We also want to show the other side of the coin, if there are buyers where the scheduling of their projects is somewhat flexible or it needs to move around a lot. That would be something that’s also important to know. So we’re focusing really on increasing visibility and incentivizing the right behaviors. I said it before, but my team is looking at this from both perspectives so we know that it’s not a problem that resides with one party or another. This is an agreement between two parties. What we’re trying to do is make sure that both parties stick to that and are getting incentivized to stick to that original agreement or work out a way to change that agreement around where one party doesn’t have to back out. Because you’ve already gone to the trouble of requesting it, they’ve already gone to the trouble of assigning you and making sure what you need to do. We want to maintain that and we want to keep both parties locked into that work order.

Nora Hartman:

Absolutely. I know that elusive platform equilibrium is something that your team is always trying to go after.

Jonah Hacker:

That’s the truth.

Nora Hartman:

So I understand that there will be some platform changes this year that are designed to improve transparency in the marketplace. I’d love to have you walk through some of those and give our providers a little bit of a sneak peek into what’s coming. The first thing that we have is the new start time experience, and I understand that most of our providers have already seen this. Can you tell us a little bit more about what that looks like?

Jonah Hacker:

Yeah, certainly. So for the new start time experience, this is mostly live already. We recently launched some of these changes. We’ve added some features related to schedules and work time in the next quarter of the year. This important change relates to having a better view into your scheduled jobs on Field Nation when you’re requesting new work. When you’re requesting, you want to see the jobs you have on that same day to make sure that you’re not setting yourself up for a situation where you’re either going to be very late or need to back out of the job entirely. So that’s a big one. Obviously, we’re really excited to see the impact that that feature has.

There are some other features that have been on the platform for some time that I’ll just make a quick plug for as well. One is related to calendar syncing. We’ve heard from a couple technicians out there who export their Field Nation calendar into a personal calendar, but there’s also the other option to take your personal calendar in (it’s all masked) and make it clear where you’re not available. You can use that feature as you are requesting work. Maybe you already have something. Maybe you are an employee somewhere and you have that time blocked. You can set that up so that you’re not going to accidentally request a work order or be assigned to a work order where you’re unavailable. As product managers, we love feedback on features as you start to interact with them. That’s how we know that either the feature is hitting the mark, or it needs some additional tweaking in order to have the intended effect on our users. So we’d love to hear all that feedback and those are the big things that we’re looking at for the immediate future related to start time.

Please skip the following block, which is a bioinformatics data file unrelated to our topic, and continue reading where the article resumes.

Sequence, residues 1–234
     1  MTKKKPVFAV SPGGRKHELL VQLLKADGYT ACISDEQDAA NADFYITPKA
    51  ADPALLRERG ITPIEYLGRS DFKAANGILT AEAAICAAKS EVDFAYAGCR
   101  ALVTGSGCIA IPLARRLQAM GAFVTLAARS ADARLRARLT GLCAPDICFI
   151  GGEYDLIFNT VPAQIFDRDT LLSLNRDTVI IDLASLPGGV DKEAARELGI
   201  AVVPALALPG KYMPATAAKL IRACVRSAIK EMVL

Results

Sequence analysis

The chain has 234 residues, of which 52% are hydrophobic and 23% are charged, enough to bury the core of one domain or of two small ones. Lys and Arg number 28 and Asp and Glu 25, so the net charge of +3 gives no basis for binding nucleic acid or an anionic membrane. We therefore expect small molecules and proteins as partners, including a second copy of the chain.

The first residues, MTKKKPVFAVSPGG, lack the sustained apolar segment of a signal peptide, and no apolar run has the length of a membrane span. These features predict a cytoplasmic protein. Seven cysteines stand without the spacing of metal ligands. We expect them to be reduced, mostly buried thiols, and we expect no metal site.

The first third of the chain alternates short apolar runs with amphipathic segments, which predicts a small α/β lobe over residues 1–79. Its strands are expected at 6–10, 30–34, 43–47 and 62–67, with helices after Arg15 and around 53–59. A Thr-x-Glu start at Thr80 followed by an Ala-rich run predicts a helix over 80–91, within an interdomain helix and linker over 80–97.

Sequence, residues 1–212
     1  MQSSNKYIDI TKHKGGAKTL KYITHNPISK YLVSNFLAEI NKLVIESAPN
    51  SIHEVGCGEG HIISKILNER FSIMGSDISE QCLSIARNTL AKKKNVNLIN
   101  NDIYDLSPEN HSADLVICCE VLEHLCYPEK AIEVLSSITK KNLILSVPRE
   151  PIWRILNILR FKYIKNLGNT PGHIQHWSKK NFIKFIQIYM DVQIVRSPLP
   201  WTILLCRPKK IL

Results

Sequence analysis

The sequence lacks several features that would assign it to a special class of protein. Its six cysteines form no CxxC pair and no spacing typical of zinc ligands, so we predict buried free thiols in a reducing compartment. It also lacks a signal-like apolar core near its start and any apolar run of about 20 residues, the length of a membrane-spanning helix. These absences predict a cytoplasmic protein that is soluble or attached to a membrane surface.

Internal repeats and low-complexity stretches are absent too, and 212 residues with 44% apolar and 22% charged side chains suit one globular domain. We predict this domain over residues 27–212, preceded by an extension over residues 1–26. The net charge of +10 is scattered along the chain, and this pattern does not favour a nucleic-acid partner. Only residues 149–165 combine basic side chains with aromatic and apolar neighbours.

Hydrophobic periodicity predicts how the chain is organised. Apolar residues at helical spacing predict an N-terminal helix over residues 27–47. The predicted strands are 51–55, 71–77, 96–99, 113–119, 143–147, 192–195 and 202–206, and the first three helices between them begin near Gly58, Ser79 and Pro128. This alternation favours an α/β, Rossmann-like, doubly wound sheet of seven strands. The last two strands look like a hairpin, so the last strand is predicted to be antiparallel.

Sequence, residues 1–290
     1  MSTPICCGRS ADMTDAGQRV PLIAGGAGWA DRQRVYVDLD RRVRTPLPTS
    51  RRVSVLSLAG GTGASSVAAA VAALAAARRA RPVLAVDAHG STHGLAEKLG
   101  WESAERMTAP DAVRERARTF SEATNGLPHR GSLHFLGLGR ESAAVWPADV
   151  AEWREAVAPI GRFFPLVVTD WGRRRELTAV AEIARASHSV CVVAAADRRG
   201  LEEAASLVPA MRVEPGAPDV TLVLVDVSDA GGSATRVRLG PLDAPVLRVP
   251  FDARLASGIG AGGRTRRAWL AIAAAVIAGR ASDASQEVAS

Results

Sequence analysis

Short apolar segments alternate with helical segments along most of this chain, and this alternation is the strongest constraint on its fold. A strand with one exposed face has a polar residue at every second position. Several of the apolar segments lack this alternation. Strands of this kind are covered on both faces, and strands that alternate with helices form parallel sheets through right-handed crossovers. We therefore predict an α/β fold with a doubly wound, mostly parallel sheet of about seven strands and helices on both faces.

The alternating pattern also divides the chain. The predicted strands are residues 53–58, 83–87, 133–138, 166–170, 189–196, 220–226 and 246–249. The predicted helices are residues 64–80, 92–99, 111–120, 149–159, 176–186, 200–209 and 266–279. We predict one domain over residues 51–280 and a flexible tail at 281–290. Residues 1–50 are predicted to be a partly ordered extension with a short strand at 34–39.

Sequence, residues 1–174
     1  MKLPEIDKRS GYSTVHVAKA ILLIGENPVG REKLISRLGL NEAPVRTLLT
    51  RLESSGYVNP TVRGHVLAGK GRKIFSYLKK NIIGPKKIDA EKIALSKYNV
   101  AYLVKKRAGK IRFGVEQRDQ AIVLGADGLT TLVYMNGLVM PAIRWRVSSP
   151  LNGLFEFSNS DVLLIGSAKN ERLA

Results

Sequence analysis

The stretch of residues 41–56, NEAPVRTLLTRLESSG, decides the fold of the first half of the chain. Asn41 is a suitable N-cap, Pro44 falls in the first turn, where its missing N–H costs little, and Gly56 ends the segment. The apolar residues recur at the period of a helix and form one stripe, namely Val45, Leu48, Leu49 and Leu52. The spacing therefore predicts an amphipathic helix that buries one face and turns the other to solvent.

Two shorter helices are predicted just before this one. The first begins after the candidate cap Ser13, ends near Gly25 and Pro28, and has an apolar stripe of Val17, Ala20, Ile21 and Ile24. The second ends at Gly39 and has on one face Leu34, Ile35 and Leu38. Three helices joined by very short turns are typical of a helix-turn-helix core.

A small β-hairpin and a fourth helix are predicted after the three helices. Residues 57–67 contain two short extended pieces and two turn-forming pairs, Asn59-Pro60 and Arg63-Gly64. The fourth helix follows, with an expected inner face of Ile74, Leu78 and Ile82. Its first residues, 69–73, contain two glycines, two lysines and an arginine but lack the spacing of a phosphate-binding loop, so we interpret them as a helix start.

Nora Hartman:

And how can providers give you that feedback to make sure that it gets in front of you?

Jonah Hacker:

We’ve got a question form on the same site where you found this podcast. So fill out your questions there. Any comments, we’d love to hear them and we’ll be back in touch.

Nora Hartman:

Awesome. I also understand that you’re going to start showing technicians their own performance metrics, which is super cool. I know that we have something actually kind of similar for buyers, where they can see how fast we’re approving work orders and other similar things like that. What kind of metrics are you looking at for providers?

Jonah Hacker:

Yeah. The kinds of metrics that we’re looking at are related to reliability, this commitment to assignments. The other thing that we’re looking at is timeliness. A provider going on their profile would be able to see their recent performance when it comes to sticking to assignments, getting to assignments on time when they have a fixed start time, etc. We’re measuring timeliness with a grace period, and similarly we’re measuring assignment commitment only on those instances where there’s some action taken: someone unassigned themselves actively, the job wasn’t completed elsewhere, it was created in error, things like that. So these are some ways that we’re asking ourselves, what are the metrics, what are the instances or the situations that really count?

What we’re really concerned with is that assignments are being stuck to, and that the work is being done on the timetable that’s getting set out by the buyer. So the buyer can say, this is a flexible work order, it can be done within these two weeks or it can be done within these business hours. But sometimes it’s really important that it happened at a given time, and we want to show the technicians: here’s when you were late, here’s when you had a job that you’d agreed to and backed out of it and how much that’s happening over time.